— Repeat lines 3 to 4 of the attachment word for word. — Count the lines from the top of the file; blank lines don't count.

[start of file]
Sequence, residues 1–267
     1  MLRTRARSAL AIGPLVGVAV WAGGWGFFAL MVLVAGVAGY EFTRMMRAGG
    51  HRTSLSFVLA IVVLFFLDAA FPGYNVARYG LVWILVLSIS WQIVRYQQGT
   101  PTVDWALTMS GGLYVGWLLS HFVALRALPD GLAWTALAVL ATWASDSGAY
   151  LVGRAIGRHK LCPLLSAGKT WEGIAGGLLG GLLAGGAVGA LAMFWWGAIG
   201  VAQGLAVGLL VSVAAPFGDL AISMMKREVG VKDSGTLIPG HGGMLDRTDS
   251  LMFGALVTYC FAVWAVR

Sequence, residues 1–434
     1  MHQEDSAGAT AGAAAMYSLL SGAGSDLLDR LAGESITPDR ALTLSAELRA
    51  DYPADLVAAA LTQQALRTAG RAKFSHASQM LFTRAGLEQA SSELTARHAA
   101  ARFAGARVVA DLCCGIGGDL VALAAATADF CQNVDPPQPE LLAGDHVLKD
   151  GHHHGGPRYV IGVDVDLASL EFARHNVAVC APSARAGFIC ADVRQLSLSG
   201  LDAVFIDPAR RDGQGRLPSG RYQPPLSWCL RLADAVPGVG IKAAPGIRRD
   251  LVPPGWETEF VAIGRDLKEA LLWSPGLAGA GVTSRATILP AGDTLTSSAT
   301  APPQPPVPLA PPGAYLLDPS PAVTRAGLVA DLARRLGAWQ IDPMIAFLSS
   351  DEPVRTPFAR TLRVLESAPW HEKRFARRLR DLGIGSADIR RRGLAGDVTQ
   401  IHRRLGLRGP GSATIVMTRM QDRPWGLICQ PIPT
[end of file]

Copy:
    51  HRTSLSFVLA IVVLFFLDAA FPGYNVARYG LVWILVLSIS WQIVRYQQGT
   101  PTVDWALTMS GGLYVGWLLS HFVALRALPD GLAWTALAVL ATWASDSGAY